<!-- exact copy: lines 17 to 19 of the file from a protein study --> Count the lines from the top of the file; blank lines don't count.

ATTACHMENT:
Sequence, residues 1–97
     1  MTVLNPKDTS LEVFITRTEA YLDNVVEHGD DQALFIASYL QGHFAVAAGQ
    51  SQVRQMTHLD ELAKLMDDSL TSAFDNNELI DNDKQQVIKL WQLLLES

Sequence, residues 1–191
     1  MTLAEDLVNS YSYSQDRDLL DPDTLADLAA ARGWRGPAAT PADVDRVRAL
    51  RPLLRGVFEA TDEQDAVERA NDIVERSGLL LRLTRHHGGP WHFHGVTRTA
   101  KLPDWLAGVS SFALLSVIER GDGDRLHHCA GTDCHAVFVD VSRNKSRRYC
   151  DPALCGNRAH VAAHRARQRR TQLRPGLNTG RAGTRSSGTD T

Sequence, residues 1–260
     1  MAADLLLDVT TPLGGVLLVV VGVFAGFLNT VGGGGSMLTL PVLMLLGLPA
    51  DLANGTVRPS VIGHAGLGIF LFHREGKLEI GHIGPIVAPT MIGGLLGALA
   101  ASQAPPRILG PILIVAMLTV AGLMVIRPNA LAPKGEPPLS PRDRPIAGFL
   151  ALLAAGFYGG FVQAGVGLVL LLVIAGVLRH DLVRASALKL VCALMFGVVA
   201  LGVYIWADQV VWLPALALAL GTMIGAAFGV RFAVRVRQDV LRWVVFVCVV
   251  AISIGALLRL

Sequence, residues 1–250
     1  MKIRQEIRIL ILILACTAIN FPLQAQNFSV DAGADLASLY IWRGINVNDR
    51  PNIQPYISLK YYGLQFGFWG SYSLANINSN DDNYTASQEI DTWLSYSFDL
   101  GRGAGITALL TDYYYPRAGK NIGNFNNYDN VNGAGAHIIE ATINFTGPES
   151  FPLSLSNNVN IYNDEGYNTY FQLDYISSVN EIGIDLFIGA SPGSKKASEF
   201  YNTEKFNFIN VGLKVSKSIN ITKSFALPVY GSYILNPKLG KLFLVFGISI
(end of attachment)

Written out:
     1  MKIRQEIRIL ILILACTAIN FPLQAQNFSV DAGADLASLY IWRGINVNDR
    51  PNIQPYISLK YYGLQFGFWG SYSLANINSN DDNYTASQEI DTWLSYSFDL
   101  GRGAGITALL TDYYYPRAGK NIGNFNNYDN VNGAGAHIIE ATINFTGPES